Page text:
October 17, 2023
The pandemic sent a shock through the global supply chain for dietary ingredients that companies are only now recovering from. A three-hour education session at the upcoming SupplySide West trade show will lay out the lessons that have been learned.
The shocks to the global supply of dietary ingredients were driven mostly by pandemic lockdowns in several countries, most notably China. This gave rise to major kinks in the flow and supply of shipping containers. The reverberations of this, with containers sitting empty in some locations and scarce in others, have only recently begun to smooth out.
Atmosphere of scarcity
It made for a condition of scarcity in which many manufacturers started to hold more inventory than they had been accustomed to. Prices rose and supplies on the open market fell, which consumers experienced as many products were out of stock temporarily or for longer periods.
The big takeaway for suppliers and their customers: The way of doing things before the pandemic, in which many herbal products and other dietary ingredients could be ordered with short lead times, no longer provides sufficient security. The war in Ukraine and the shocks that reverberated through the global supply system only served to reinforce that idea.
Buyers now say having a close relationship with suppliers is of prime importance. To that end, the opening session of the program, which takes place on the morning of Tuesday, Oct. 24, is devoted to getting to know herbal farmers face to face.
Know your grower
This opening session, which is organized in cooperation with the American Herbal Products Association (AHPA), will introduce attendees to four herbal farmers and a longtime distributor. It will be an opportunity to hear how their business practices have changed in this new supply environment.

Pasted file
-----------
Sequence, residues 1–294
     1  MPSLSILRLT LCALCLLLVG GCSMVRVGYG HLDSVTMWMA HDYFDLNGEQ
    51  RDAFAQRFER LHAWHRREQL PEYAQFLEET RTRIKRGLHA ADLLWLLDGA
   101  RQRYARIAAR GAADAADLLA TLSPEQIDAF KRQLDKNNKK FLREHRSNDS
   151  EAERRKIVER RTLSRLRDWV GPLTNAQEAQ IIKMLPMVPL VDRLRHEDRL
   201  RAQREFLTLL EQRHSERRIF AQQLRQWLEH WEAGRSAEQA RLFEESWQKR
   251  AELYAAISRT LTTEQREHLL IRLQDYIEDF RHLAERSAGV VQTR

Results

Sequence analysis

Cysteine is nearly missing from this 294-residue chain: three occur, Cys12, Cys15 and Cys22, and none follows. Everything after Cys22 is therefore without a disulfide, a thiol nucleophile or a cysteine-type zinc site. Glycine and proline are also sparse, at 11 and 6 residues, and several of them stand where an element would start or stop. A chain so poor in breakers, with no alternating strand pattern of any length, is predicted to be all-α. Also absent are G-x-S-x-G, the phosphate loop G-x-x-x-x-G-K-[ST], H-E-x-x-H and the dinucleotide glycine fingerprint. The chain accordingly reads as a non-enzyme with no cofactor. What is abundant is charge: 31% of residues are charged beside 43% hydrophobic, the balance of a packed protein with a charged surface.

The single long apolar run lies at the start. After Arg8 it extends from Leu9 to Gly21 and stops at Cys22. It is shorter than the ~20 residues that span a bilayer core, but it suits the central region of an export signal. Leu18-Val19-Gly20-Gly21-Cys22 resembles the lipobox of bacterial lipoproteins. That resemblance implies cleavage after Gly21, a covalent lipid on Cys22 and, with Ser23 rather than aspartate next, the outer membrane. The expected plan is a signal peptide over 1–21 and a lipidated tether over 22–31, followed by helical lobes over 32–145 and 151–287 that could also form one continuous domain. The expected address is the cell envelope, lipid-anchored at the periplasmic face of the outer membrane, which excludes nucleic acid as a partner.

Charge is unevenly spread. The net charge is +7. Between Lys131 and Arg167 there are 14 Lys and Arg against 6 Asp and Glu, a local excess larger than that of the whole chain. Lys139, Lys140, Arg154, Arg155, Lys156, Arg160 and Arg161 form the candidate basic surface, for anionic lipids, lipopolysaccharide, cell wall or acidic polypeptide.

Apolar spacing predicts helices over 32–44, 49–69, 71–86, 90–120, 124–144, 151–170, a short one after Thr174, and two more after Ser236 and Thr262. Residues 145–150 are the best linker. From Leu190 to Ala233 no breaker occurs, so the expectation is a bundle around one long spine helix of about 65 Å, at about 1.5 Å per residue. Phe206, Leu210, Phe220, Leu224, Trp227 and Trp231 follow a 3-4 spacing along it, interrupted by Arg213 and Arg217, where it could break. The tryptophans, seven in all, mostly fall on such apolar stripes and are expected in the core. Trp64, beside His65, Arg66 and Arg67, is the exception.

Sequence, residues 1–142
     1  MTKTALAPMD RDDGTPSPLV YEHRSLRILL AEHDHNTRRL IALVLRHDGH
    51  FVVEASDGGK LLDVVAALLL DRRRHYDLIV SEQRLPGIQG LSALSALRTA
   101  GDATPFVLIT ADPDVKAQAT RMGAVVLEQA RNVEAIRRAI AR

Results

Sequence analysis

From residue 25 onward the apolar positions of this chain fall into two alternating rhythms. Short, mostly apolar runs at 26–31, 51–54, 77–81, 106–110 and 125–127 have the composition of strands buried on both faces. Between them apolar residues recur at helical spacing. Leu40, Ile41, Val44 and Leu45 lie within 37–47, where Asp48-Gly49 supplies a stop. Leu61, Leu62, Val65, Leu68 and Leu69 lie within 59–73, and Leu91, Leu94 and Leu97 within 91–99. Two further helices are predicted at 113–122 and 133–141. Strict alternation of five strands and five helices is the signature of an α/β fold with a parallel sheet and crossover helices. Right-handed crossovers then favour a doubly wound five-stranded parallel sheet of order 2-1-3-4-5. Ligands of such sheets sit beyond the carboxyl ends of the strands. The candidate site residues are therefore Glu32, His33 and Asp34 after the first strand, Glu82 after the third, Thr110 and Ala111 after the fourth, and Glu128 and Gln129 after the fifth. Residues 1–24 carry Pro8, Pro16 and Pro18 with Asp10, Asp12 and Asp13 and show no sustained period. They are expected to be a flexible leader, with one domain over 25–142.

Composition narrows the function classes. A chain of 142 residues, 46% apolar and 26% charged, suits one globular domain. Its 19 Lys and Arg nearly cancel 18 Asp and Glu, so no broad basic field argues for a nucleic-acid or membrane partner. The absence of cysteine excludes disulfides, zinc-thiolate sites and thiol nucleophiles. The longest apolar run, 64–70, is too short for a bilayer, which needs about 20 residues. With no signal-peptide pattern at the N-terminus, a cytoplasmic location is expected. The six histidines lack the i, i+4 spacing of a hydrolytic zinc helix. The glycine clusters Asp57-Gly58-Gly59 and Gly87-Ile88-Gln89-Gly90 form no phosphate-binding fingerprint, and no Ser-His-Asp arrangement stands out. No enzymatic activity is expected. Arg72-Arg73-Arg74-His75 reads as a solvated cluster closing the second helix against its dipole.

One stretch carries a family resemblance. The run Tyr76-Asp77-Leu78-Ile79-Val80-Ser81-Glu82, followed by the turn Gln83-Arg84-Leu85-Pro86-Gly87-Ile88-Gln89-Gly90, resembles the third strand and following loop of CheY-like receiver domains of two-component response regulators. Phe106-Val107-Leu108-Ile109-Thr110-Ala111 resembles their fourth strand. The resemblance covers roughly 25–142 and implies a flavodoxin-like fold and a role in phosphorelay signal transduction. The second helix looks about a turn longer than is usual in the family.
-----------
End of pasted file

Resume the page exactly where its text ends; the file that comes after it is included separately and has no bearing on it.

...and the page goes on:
The farmers are Marisol Cervates Bobadilla of Mexico, Rajnish Awasthi of India and domestic producers Matt Dybala and Jeff Higley. Joining the panel will be herbal ingredients sourcing expert Edward Fletcher.
Another panel discussion during the event will put some numbers around the supply chain question. Brandon Casteel of the market research firm SPINS will provide data on supply chain concerns that are top of mind for consumers. Anand Swaroop of the Indian supplier Cepham will present data his company has accumulated on climate change concerns and how that is affecting the abundance and quality of herbal ingredients. And Scott Steinford, principal of the consulting firm Trust Transparency Center, will present a check list he gives to clients to ensure their supply chain concerns are met when looking for a contract manufacturing partner.
Two individual presentations will round out the morning session. One, from Shelley Blackwell of EAS Consulting Group, will focus on data security while the other, from Marielle Weintraub of Eurofins, will examine testing requirements.
The session, “Supply Chain Challenges and Innovations,” will be held in the South Pacific Ballroom F at Mandalay Bay from 9 a.m. to noon on Tuesday, Oct. 24.
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